avatar
Summarizing Participatory Economics


For purposes of exploration and debate with Libertarian Municipalism’s Peter Staudenmaier. See whole debate here.


 

Since we have already had some exchange on Parecon and Libertarian Municipalism (see http://www.zcomm.org/znet/viewArticle/18571) I will keep these opening comments brief.

The task of developing a vision for any sphere of social life is to set out the functions the domain must accomplish, the values we hold dear, and the institutions that can accomplish the functions while propelling the values.

For the polity, for example, the functions might be legislation, adjudication, and collective implementation. The values might be attaining truthful awareness, solidarity, transparency, justice, and self management. If so, we would have to describe compatible institutions.

For the economy, in contrast, the functions are production, consumption, and allocation. Values I favor are meeting needs and developing potentials plus propelling solidarity, diversity, equity, and self management. An economy should produce worthy outputs, and by the activities it demands produce empathy rather than hostility, variety rather than homogeneity, equity rather than exploitation, and self management rather than elite rule.

We have in the U.S. now a capitalist economy in which some people own corporations, markets regulate allocation, and if you look inside workplaces you find a corporate hierarchies in which some people do rote manual labor, some people have more skilled tasks, and a few people monopolize decision making and the information and skills requisite to it. That’s the guts of capitalism–private ownership of workplaces, hierarchical workplace organization, and market allocation.

Parecon rejects private ownership because it leads to few people owning and controlling almost all the wealth and therefore wielding tremendous power. In the U.S., commentators discuss the bottom 90 percent of the population, and while that’s an amazing and embarrassing concept, it’s reasonably accurate. The top 10 percent, and actually just the top few percent, effectively run the whole economy. That’s inequitable, unjust, and undemocratic.

Parecon also rejects the hierarchical division of work because it ensures that most people have little or no say over their labor and aren’t empowered equally in the workplace or responsible for a fair share of fulfilling as well as not so fulfilling tasks. Yet, there’s no ethical reason or economic reason why some people should enjoy more fulfilling and less dangerous or boring responsibilities than others, much less have greater decision making power.

And parecon also wishes to abolish the market. Markets destroy social conscience. They don’t operate unless people advance only themselves. When people who own businesses advance only themselves, they seek profits regardless of adverse effects on the ecology, on their workers, and even on consumers. Likewise, individual workers and consumers benefit when they ignore the well being of the people who produce what they consume or consume what they produce. Nice guys finish last, or in my own version of this famous aphorism: garbage rises. That is, buyers and sellers operate in isolation from social concern, trying to get ahead at others’ expense. Being nice in the competitive rat race means you don’t rise in income or power. If you win the race, you are just a better rat. And markets have many more ills, as well, for example, creating inequality, fostering unemployment, causing ecological disruption, imposing alienation, promoting personality distortion, and most damning, producing class division.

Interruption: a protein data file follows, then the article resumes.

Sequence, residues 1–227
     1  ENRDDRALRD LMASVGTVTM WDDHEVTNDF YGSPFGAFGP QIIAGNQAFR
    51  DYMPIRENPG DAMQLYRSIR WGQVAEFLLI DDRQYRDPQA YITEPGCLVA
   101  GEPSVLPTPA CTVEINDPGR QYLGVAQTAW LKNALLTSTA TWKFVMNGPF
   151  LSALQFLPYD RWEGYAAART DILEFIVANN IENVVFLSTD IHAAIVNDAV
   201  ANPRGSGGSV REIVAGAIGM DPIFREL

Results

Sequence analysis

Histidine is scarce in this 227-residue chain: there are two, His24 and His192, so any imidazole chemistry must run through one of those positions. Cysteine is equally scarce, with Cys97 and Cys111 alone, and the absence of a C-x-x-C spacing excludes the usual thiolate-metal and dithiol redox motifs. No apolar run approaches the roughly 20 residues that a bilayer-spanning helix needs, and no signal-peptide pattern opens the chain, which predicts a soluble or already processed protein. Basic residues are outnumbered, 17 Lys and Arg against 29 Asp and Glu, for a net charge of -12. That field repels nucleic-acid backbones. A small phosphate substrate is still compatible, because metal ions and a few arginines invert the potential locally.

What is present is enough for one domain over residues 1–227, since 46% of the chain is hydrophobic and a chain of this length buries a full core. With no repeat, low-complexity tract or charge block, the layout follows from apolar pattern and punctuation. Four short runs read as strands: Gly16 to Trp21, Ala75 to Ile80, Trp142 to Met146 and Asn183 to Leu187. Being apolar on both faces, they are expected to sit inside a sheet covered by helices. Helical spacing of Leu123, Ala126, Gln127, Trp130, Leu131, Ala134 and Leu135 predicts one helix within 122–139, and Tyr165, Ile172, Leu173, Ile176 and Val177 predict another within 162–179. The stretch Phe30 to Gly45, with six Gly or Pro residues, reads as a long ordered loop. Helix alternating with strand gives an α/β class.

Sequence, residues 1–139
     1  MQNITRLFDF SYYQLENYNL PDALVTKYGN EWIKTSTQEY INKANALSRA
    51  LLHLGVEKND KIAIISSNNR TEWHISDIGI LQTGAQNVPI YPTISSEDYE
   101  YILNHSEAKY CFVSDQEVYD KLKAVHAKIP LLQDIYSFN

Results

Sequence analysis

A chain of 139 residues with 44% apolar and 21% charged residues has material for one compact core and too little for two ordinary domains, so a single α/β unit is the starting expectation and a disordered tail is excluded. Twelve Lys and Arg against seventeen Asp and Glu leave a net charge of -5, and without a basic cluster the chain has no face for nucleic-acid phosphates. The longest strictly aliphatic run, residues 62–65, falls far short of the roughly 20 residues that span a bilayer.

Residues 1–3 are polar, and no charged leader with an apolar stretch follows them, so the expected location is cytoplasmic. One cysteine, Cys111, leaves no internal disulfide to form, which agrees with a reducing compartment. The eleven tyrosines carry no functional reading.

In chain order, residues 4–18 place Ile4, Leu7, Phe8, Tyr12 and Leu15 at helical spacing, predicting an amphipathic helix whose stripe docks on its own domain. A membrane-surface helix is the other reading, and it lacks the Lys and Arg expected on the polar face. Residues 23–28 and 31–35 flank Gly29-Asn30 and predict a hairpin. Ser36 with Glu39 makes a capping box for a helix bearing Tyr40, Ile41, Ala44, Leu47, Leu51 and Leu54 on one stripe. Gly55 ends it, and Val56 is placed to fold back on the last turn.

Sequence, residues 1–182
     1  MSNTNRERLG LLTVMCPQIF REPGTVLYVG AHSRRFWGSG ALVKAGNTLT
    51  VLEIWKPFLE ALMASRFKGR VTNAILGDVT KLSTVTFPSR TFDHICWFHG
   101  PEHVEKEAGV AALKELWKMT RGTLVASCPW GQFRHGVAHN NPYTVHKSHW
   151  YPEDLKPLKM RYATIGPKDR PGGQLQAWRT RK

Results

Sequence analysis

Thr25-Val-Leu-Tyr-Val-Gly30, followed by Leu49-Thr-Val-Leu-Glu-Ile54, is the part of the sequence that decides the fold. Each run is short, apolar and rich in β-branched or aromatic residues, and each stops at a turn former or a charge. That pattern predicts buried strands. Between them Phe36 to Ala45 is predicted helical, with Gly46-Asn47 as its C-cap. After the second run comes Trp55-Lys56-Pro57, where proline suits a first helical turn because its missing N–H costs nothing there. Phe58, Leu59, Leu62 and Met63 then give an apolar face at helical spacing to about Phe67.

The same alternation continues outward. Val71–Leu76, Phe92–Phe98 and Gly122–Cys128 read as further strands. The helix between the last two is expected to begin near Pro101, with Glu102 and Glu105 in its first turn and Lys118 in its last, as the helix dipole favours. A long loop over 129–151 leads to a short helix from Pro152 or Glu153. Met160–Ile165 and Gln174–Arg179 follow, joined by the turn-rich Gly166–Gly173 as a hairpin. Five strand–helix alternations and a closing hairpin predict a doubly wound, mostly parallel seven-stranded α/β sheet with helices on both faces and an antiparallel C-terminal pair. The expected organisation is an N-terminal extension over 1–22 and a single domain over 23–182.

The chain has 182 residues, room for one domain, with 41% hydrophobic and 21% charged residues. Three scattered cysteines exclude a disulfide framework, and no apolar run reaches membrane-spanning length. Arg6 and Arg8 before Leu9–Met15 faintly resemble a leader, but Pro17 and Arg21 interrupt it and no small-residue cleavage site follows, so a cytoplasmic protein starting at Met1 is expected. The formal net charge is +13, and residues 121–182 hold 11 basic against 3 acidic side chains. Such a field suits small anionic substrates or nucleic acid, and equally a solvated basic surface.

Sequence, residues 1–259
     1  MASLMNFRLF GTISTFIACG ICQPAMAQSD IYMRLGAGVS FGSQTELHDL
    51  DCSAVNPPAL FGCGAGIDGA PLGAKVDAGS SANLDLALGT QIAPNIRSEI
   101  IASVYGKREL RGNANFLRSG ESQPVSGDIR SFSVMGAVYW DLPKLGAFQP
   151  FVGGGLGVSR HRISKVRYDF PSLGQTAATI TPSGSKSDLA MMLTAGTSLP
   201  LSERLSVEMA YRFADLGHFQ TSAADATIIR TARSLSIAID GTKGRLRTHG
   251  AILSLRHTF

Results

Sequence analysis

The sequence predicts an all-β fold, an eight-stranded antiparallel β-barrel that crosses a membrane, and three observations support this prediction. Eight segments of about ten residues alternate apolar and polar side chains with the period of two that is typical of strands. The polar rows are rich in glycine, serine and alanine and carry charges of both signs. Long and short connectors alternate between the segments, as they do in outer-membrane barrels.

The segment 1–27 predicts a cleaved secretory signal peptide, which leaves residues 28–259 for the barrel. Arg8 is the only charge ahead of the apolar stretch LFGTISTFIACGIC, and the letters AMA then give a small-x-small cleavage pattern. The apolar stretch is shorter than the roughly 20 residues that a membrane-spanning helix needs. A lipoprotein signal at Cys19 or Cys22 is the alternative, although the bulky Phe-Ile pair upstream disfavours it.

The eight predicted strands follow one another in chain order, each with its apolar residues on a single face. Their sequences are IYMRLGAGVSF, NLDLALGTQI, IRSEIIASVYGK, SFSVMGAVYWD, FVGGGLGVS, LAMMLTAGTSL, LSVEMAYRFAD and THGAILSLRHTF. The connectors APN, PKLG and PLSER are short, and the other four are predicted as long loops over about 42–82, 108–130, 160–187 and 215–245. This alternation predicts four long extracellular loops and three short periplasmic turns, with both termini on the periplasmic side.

So participatory economics is a new type system based on different defining institutions. It is described in considerable detail in various books, essays, etc., many of which are available online at www.parecon.org. To accomplish its mutually reinforcing goals it incorporates workplace and consumer councils, self managing decision making procedures, remuneration for effort and sacrifice, balanced job complexes, and participatory planning. Here, then, is only a very brief summary of these features, to set the stage for further discussion.

In participatory economics, instead of private ownership of capital, everybody equally owns the means of production. Productive assets are shared among the whole populace, so ownership is equal and generates no differentials in income, well being, or influence. How well off each person is, how much income they have, and how much influence over decisions they can manifest are all affected by norms of remuneration and by allocation and workplace organization, but not by property.

Thus, in a parecon instead of people being remunerated for their property, or for their bargaining power, or even for their output, people are remunerated for the effort they expend and for the pains they endure in useful labor. If you can’t work, of course you get an average income anyway. If you have special medical needs, naturally, those are socially met. But for those who can work, how much of the social product they consume depends on how hard they work, not on how much power they can accrue or even the output they produce. This is moral and it provides sensible incentives even as it turns upside down current formulations of what is just and equitable.